Thankfully, I’ve forgotten most of what school was like. But I remember one thing all too well: no one other than me in the United States ever had been queer, and if they were, they must have been some sick puppies.
Why did I feel that way? Because I didn’t see anyone like me in my history books. There were no queer politicians, inventors or civil rights heroes. It’s no wonder that kids were scared of boys who liked boys or girls who liked girls. Or that schoolyard bullies picked on queer classmates.
Unfortunately, even now when same-sex couples can marry in six states, some kids, queer and straight, come away from school with the same stereotypes and ignorance, and bullies still target LGBT students.
Legislation recently passed by the California State Senate — the Fair, Accurate, Inclusive and Respectful Education (FAIR) Act — (if it becomes law) will do much to combat this ignorance and fear. If the bill is enacted, California will become the first state in the country to require teach- ing of LGBT history in schools.
The proposed law would require the contributions of gay, lesbian, bisexual and transgender people to the economic, political and social development in California and the United States to be include in social science textbooks. No specific curricula or examples of instruction would be mandated and schools wouldn’t be required to revise or purchase new textbooks.
Sen. Mark Leno (D-San Francisco) the first openly gay man to be elected to the California State Senate, is the author of the FAIR Education Act (which is sponsored by Equality California and the Gay-Straight Alliance Network). His passion for the legislation grew out of “the epidemic of bullying and suicide,” Leno said in a telephone interview (referring to LGBT students nation- wide who had been bullied and/or committed suicide), “knowing about LGBT history will make schools safer.”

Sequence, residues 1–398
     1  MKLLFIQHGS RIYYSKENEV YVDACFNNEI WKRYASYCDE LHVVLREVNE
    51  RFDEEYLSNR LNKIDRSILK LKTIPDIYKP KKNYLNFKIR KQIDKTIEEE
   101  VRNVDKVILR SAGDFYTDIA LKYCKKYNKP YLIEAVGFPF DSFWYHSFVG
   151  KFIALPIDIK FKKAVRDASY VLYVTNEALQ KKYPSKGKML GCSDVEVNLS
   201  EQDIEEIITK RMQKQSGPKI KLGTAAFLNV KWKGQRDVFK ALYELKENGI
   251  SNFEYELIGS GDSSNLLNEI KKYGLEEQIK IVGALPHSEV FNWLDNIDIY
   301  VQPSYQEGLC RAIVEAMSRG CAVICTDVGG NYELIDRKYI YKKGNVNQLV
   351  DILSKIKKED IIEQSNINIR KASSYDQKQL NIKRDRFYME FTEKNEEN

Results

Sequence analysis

“It will help LGBT kids, and straight kids, too,” Leno added, “to learn about the gay civil rights movement. We’re censoring history. Kids learn that there was an African American named Martin Luther King, Jr. But they don’t know about Harvey Milk.”
Teaching LGBT history would “promote an atmosphere of … respect for students of all sexual orientations and gender orientations,” wrote Carolyn Laub, executive director of the Gay-Straight Alliance Network, in an e-mail.
“Research by the California Safe Schools Coalition shows that students are less than half as likely to be bullied based on sexual orientation or gender identity,” Laub added, “in schools where the majority of students report that LGBT people are included in classroom discussion.”
Learning that you’re a part of a group with a cultural and political history can be life saving to a young person questioning his or her sexuality. Isaiah Baiseri, a senior at
Glendora High School, testified at a State Senate committee hearing in support of the Fair Education Act (SB48). “As a gay young man, I struggled with accepting my sexual identity for years. In school I never learned that people like me had achieved great things like leading a civil rights movement,” Baiseri said at the hearing. “Instead, I had only learned stereotypes. I’m thankful the Senate passed SB48 so that someday other students like me can learn our history.”
Opponents are convinced that the law would perpetuate a “homosexual agenda” and encourage “immorality” in the schools. The California Catholic Confer- ence of Bishops calls the bill “unnecessary and overly intrusive.”
The issue of “homosexuality is far from settled,” a conservative activist and school board member from Sacramento told the New York Times. “It is all part of the same agenda.”
LGBT history in schools isn’t about teaching a “gay agenda” or sex, Leno said. “Though some of the opponents seem fixated on body parts,” Leno added.
The FAIR Education Act is expected to reach the California General Assembly by the end of summer. Leno is “hopeful” that the Assembly will pass the bill and that Gov. Jerry Brown will sign it.
I hope the bill passes and that other states follow California’s lead. If we are taught our history, more LGBT students will think of schools as safe places of learning instead of as breeding grounds for bullies.